MadSci Network: Physics

Re: origin of different types of charges and how many more of them? and why?

Date: Fri Sep 5 07:58:30 2014
Posted By: Samuel Silverstein, Lecturer in physics
Area of science: Physics
ID: 1408906288.Ph

That's an interesting question, and nobody knows the answer.

From your question, it seems you are already somewhat familiar with the Standard Model(SM) of particle physics. The SM includes all known "matter" particles (quarks and leptons), as well as the three fundamental forces that we have been able (so far) to study at the quantum level: electromagnetism, the strong nuclear force and the weak nuclear force (also the newly-confirmed Higgs field, which is a little outside the scope of this answer).

Like the rest of physics, the Standard Model is descriptive, in that it is an organised and (so far) accurate model of the particles and forces as we understand them now. As you point out, the different forces can be thought of as acting on different kinds of "charges". But you could also turn this around by saying instead that our concept of "charge" is our way of categorising particles by their observable properties (like how they interact with different fields). Here is a nice illustration of how the known elementary particles can be arranged along different axes according to their different charges (see the description underneath for explanation).

If you have followed me so far, you have probably noticed that the SM is incomplete. Gravity, for example, is not included in the SM, since we have not yet found a quantum description that works with the other known forces. Dark matter and dark energy are still mysteries, and neutrino oscillation is not part of the SM's mathematical framework. So particle theory needs to be extended "Beyond the Standard Model (BSM)" before we have a complete theory.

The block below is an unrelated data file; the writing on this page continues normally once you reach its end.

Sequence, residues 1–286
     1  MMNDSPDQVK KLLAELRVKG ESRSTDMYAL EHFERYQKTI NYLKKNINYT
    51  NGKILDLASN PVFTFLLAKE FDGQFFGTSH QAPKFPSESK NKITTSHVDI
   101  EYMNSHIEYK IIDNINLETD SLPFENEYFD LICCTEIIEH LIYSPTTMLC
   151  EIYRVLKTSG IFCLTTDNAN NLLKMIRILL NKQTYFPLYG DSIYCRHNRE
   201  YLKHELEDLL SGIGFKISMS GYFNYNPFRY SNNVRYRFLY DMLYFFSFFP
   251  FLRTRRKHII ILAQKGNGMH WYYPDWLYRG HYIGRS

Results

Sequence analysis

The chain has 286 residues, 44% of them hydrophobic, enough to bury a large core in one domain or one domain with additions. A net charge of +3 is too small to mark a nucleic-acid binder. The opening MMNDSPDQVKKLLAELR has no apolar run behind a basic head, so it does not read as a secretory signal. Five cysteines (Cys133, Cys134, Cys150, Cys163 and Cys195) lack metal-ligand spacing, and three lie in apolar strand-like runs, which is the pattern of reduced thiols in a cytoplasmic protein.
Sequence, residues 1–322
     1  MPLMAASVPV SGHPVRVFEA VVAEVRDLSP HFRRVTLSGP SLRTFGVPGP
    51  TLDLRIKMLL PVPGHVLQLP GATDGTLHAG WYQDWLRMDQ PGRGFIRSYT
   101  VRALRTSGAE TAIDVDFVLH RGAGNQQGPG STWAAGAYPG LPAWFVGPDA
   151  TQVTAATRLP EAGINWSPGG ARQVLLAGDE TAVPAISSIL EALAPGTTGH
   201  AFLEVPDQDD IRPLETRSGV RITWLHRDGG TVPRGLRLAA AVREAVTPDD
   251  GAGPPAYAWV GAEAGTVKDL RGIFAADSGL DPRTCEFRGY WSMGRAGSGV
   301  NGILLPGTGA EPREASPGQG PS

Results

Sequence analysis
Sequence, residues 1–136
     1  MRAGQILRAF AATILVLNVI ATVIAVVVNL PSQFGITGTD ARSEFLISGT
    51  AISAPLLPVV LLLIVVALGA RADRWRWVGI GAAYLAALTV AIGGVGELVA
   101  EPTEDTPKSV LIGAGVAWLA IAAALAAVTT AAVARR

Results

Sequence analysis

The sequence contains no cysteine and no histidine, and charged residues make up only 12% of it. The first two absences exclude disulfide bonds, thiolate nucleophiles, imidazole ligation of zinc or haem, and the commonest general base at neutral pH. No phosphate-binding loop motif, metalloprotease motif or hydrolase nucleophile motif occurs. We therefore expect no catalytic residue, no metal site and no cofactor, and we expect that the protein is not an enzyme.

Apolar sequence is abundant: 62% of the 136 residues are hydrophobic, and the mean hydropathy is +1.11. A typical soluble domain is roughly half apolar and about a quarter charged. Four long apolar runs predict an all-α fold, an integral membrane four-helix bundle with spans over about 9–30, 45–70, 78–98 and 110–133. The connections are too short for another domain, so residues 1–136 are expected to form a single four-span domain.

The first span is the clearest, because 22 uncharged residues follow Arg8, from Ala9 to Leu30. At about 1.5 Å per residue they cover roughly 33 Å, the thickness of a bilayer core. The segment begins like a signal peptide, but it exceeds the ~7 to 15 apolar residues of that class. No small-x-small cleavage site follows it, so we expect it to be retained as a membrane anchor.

So could there be more types of charges? Possibly. Some BSM models (such as Supersymmetry) propose the existence of new, yet-undiscovered particles. Organizing a larger group of particles would require new particle properties to distinguish them, and in many cases this corresponds to new kinds of "charges" and forces that affect them.

Of course, no evidence of supersymmetric particles (or other new forces) has been found yet, and it is possible that we could eventually find a unified particle theory that does not require new forces (or charges) beyond the four we know. An important aim of the Large Hadron Collider is to look for evidence of BSM physics, and many of us are eagerly waiting to see what might emerge.

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